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E90 M3 (Sedan) | E92 M3 (Coupe) | E93 M3 (Convertible) (2008-2013) {Engine: S65 - Max Hp: 414 hp (420 hp Euro) at 8,300 rpm / 295 lb/ft at 3,900 rpm}


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Old Wed, Nov-23-2016, 01:13:45 AM   #31
SYT_Shadow
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Default Re: New m3 and rod bearings

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Originally Posted by nickt5174 View Post
is the Blackstone analysis the only way to determine if your bearings are are going bad or not? If I was looking at car to purchase what are the signs that I would have to look out for?
there is no way to tell other than regular blackstone analysis if you have a pre 2010 car.

Edit: as pbonsalb below says, even that is not 100%. I think replacing the bearings is a must do

Last edited by SYT_Shadow; Wed, Nov-23-2016 at 12:42:38 PM.
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Old Wed, Nov-23-2016, 12:38:04 PM   #32
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Default Re: New m3 and rod bearings

An unfortunately, blackstone is not infallible. Cars with good tests gave failed. Theoretically it should work for early cars, but its not certain. You can read all about it on m3 post dot com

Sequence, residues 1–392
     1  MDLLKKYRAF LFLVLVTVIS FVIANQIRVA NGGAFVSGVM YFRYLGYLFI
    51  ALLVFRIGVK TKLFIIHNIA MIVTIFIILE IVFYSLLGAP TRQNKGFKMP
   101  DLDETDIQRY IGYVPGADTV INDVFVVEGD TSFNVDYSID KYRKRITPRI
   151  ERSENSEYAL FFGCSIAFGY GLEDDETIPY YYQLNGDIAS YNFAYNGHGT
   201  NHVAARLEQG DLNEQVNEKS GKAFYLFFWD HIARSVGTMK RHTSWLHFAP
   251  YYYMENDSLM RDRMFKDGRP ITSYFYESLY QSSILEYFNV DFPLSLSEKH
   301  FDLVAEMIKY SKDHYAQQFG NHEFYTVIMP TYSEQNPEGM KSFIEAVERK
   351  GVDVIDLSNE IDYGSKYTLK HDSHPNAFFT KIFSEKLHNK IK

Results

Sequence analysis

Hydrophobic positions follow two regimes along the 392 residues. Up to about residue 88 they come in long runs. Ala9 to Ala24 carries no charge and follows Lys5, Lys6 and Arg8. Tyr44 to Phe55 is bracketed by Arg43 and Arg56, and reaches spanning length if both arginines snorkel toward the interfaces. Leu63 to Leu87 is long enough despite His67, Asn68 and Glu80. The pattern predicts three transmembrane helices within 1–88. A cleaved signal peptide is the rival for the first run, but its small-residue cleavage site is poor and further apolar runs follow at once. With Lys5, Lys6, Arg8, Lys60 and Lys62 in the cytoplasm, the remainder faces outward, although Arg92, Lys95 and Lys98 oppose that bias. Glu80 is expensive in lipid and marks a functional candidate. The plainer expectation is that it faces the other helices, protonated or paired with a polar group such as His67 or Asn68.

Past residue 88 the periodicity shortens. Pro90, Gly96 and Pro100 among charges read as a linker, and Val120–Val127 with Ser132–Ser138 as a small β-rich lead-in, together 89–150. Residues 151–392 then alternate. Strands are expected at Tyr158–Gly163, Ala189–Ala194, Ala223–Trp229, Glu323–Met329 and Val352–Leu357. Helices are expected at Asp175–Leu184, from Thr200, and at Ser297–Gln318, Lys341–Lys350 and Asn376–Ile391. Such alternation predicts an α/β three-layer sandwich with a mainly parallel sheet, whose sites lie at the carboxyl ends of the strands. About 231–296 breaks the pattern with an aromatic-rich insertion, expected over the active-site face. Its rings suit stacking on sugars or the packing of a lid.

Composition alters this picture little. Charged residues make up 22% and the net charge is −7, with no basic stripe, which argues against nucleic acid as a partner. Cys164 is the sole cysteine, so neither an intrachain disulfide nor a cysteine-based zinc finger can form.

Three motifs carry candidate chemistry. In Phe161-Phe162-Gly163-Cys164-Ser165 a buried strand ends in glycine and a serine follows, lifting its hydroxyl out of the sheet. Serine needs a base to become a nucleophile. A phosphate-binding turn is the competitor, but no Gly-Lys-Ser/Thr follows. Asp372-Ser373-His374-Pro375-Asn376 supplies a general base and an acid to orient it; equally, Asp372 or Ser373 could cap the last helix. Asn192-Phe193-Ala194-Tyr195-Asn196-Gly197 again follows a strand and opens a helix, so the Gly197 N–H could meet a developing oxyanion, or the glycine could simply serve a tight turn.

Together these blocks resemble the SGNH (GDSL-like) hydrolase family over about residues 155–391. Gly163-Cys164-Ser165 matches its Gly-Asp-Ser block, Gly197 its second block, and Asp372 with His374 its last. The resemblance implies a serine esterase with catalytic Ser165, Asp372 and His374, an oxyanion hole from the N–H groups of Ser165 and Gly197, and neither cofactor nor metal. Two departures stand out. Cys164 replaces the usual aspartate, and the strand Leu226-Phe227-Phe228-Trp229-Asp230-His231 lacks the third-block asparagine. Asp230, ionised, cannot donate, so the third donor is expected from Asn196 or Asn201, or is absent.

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Old Thu, Nov-24-2016, 04:42:50 AM   #33
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Default Re: New m3 and rod bearings

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Originally Posted by pbonsalb View Post
An unfortunately, blackstone is not infallible. Cars with good tests gave failed. Theoretically it should work for early cars, but its not certain. You can read all about it on m3 post dot com
I think Blackstone is measuring things correctly. However, the action limits are not well known. Especially true on the aluminum bearing cars.
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Old Tue, Nov-29-2016, 07:36:57 PM   #34
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Default Re: New m3 and rod bearings

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Originally Posted by GO SENNA View Post
So if you have a 2010+ are the rod bearings ok or do you have to plan on replacing them regardless of year? Also will the aftermarket rod bearings last the life of the motor, or is this a constant maintenance item?